The Queer Heterosexual?

There is a lot of discussion in the GLBTTQ communities about who is actually part of the “queer” community. Is it only people who sleep with those of the same gender? Does it include trans folks? Where are the lines drawn for queer? 

At PTS, we see queer as those who fall outside heteronormativity. Heteronormativity is a term used to describe the marginalization of lifestyles that do not conform to societies expectation of congruity between physical sex and gender. Instances of this include the idea that people fall into two distinct categories of sex ( HYPERLINK “” \o “Male” male and  HYPERLINK “” \o “Female” female) or gender (man and woman), that sexual and marital relations are “normal” only between people of different sexes and only with one committed/married partner at a time, and that each sex has certain “normal” roles in life. The hetero-normative view is that physical  HYPERLINK “” \o “Sex” sex,  HYPERLINK “” \o “Gender identity” gender identity, and  HYPERLINK “” \o “Gender role” gender expression should always align to either all- HYPERLINK “” \o “Male” male or all- HYPERLINK “” \o “Female” female  HYPERLINK “” \o “Cultural norm” cultural norms. In the workshops that I facilitate on queer inclusivity, I ask the question: can someone be heterosexual and queer? This may be controversial, but I definitely think it is possible to be both heterosexual and queer!

In the time I’ve worked at PTS, and in other community work that I’ve done, I’ve met people that, despite only being attracted to people of the same gender, were very queer. Some were children of GLBTTQ parents, others were community advocates, and many more rejected the other tenants of heternormativity, including having only one partner, getting married, having children, and having only vanilla sex (not that those are bad relationship styles if they work for you).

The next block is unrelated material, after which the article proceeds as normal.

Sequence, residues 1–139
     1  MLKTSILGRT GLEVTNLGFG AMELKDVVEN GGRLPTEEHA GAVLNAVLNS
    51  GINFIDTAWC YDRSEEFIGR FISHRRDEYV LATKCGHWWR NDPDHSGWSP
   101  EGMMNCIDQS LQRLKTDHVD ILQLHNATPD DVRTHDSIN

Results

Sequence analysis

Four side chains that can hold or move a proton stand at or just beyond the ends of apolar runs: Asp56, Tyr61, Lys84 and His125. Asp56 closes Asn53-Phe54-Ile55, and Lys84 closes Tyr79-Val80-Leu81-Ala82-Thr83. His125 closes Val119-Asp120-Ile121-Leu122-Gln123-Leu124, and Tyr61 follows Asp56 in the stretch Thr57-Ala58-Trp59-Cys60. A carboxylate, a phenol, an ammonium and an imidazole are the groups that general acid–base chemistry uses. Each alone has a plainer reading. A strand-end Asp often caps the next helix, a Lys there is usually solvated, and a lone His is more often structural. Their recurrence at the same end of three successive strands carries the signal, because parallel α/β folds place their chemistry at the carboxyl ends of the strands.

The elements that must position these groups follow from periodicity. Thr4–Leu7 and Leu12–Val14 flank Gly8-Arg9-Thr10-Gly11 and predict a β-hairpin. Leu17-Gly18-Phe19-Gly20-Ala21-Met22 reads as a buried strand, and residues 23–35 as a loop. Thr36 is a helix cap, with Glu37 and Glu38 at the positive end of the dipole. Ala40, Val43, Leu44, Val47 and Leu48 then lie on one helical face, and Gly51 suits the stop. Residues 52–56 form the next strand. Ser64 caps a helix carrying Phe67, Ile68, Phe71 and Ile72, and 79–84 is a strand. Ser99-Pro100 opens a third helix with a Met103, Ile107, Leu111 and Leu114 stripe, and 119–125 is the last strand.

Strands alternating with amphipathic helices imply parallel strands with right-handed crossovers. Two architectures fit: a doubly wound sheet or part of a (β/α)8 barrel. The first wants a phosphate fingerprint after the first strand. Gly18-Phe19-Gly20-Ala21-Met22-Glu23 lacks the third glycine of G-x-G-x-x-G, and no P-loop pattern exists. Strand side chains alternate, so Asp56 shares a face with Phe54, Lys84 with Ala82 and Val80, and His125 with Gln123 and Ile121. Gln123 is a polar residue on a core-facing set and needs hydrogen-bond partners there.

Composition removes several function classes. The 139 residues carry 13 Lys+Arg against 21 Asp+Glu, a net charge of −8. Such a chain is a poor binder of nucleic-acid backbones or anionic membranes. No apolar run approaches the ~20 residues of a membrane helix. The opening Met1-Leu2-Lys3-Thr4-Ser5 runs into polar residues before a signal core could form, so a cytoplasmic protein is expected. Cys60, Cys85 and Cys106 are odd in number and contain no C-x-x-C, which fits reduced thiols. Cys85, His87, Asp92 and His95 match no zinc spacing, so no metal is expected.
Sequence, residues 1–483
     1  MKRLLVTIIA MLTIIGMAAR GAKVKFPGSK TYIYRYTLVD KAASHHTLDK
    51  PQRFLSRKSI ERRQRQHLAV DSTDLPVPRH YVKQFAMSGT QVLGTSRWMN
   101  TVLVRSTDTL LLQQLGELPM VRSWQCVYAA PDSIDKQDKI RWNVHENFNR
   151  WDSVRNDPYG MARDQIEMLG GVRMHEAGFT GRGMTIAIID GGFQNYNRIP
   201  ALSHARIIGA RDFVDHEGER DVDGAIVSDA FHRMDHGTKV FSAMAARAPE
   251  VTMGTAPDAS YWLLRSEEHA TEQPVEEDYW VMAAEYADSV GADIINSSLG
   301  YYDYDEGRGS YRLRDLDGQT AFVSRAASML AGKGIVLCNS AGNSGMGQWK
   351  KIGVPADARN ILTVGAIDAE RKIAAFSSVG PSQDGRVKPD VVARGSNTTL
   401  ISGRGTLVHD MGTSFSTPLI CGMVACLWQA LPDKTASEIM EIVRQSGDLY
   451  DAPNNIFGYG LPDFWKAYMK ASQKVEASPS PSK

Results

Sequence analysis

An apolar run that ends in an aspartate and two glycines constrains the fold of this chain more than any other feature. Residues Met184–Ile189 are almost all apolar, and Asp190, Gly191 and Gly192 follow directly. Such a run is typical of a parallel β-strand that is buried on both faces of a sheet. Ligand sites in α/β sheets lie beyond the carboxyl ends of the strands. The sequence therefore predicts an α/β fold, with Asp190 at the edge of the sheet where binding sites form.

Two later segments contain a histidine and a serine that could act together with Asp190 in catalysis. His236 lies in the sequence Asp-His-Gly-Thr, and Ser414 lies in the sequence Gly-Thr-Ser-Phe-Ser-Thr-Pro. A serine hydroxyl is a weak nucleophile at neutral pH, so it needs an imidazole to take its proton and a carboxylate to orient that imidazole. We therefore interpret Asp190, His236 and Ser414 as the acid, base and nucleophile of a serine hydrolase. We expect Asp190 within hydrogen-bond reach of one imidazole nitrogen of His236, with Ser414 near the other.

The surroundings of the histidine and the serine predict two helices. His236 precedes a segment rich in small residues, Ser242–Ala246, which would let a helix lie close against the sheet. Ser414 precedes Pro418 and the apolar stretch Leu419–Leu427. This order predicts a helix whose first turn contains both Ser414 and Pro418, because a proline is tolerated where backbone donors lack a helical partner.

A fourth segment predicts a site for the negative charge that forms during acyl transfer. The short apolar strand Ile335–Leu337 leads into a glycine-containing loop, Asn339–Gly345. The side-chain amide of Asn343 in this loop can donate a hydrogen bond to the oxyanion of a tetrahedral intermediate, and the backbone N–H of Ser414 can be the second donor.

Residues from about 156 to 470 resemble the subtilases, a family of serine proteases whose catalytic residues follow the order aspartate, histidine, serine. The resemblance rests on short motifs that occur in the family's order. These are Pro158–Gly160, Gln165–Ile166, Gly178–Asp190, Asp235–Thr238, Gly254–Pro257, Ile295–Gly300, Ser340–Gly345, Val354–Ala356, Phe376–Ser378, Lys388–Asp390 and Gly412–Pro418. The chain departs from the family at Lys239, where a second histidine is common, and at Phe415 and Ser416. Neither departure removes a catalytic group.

Recognizing that the queer community is about our shared oppressions and living outside of a heteronormative model could work to further our rights and community. Being queer involves recognizing that everyone has a sexual orientation, a gender identity, varied sexual identities and preferred relationship styles and that any assumptions of how those look harms us all.

So let me propose a few criteria for being queer:

1) Challenging heteronormativity in your gender, sexual orientation or identity and/or relationship style.

2) Being (or at least desiring to be) active within a queer community.

3) Experiencing some form of homophobia, biphobia, transphobia or queerphobia.

I think there are many people who fit into those parts that are heterosexual. To all those heterosexuals who are queer and also help with PTS, I salute you.


–Jade Pichette

Education Programs Coordinator, PTS

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